Down the stretch we come!
Wrigley Field has needed a facelift for what seems like decades now, and finally, it appears that it will happen and construction can begin.
The saga began almost immediately upon final sale of the Chicago Cubs from Sam Zell/Tribune to the Ricketts family. The Ricketts group initially put up the Toyota sign, then a large LED screen in right field, and put together focus groups to gauge fan reaction to expanded advertisements within the park, including a potential Jumbotron. Despite the objections of Alderman Tom Tunney and the Wrigleyville neighbors, Wrigley Field and the surrounding area will get all the bells and whistles that were unanimously approved by both the Chicago Landmarks Commission and the Plan Commission. I had a theory that eventually Tom Tunney would cave because the pressure against him was too strong, and that ended up being the case.
If what Crain's Chicago says is true, the Cubs will allow for certain concessions before the City Council vote this week. This includes but may not be limited to:
- Lowering the right-field sign to alleviate blockage of certain rooftop views after the outfield wall is expanded;
- Agreement to a 10-year ban on new signage;
- Certain requests by Alderman Tunney regarding the new Clark Street hotel complex
The Cubs will get to expand the ballpark outwards, create more space for patrons, and avoid getting sued due to their concession to the rooftops (though Greg Hinz says that may cause a snag). Also, with their original proposal requesting all the signage anyway, they may not require many more signs. We'll await the final word after the Council vote, but this looks like it's going to happen with few hitches.
Update 4:01 PM:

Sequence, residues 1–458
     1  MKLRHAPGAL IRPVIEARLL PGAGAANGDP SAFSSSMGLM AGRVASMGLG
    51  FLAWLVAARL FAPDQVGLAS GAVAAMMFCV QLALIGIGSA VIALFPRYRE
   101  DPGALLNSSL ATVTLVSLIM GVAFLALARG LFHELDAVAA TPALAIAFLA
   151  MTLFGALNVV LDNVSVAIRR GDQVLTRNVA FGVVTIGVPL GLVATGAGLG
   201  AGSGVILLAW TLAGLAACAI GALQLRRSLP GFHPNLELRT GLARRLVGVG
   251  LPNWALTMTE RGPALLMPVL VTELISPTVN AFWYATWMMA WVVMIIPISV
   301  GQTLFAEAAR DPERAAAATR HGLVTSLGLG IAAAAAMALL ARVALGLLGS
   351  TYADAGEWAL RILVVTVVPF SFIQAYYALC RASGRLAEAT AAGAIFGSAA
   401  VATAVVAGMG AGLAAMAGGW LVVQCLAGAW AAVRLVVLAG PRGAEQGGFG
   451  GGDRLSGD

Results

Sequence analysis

It appears that the Mayor, the Alderman, and the Cubs have agreed to a few things as previously reported. As of now, the pedestrian bridge over Clark Street has been tabled "indefinitely," or "a very long time" paraphrasing Tom Tunney. The city is wondering whether the Cubs will compensate them for hanging a patio over Sheffield, though you have to counter with this...if the Cubs are already coughing up $500MM of their own money to eventually make the city tons of money, why the hell do they still need compensation? Chicago politics, indeed. You can see the story unfold here and here.
Update 5:07 PM:
And we're done! See you next session for the (hopefully) final City Council vote!
And just like that, a vote. Unanimous. Amended Wrigley Plan clears second to last public hurdle. Now the usual media scrum.
— Danny Ecker (@DannyEcker) July 23, 2013
According to the wonderful Ms. Serena Dai, the City Council will vote on this tomorrow. The session starts at 10 AM, but who knows when they'll actually get to Wrigley. Baby steps.
Update 6:01 PM:
This actually sounds reasonable from the Cubs' camp:
If #Cubs permanently nix pedestrian bridge over Clark St., they want the right to build an arch over Clark and sell advertising on it.
— Fran Spielman (@fspielman) July 23, 2013
It seems to me that an arch, which I thought was in some of the original renderings, is not exactly a safety hazard unless they build it shoddy. At least, nobody can walk across said arch and throw beer bottles and people, and it would be very difficult to climb said arch at any rate. The Cubs should be able to funnel money into their franchise however they can, and this is an innocuous way to do it in my opinion.